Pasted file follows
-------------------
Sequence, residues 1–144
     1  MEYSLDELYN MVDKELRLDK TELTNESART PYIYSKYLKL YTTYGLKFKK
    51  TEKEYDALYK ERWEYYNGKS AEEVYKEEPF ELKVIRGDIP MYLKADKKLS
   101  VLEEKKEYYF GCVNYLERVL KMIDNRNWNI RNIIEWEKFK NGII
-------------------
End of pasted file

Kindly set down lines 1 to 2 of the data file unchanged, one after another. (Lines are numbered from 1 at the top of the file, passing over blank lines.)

Sequence, residues 1–144
     1  MEYSLDELYN MVDKELRLDK TELTNESART PYIYSKYLKL YTTYGLKFKK